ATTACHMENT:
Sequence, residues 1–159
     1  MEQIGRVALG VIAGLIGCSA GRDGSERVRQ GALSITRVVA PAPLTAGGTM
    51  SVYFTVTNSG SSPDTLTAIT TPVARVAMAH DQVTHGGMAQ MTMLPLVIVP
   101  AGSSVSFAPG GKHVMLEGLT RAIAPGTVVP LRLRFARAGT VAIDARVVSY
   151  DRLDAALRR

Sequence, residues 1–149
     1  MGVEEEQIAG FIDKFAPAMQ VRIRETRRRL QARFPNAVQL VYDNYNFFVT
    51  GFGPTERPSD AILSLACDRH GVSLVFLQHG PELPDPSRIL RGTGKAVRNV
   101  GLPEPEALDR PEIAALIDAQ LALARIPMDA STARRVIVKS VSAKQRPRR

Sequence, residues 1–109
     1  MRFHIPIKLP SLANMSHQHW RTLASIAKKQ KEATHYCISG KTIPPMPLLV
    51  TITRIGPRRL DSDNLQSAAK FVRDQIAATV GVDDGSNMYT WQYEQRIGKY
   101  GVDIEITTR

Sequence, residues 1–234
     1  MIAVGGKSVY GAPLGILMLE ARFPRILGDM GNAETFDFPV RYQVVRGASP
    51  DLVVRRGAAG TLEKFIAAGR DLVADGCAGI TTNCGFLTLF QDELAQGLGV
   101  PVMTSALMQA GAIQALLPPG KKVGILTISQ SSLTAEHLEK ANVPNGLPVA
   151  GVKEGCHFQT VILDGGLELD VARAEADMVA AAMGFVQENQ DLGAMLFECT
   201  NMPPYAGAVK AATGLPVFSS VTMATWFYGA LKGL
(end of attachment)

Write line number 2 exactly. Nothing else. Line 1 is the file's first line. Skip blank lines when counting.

     1  MEQIGRVALG VIAGLIGCSA GRDGSERVRQ GALSITRVVA PAPLTAGGTM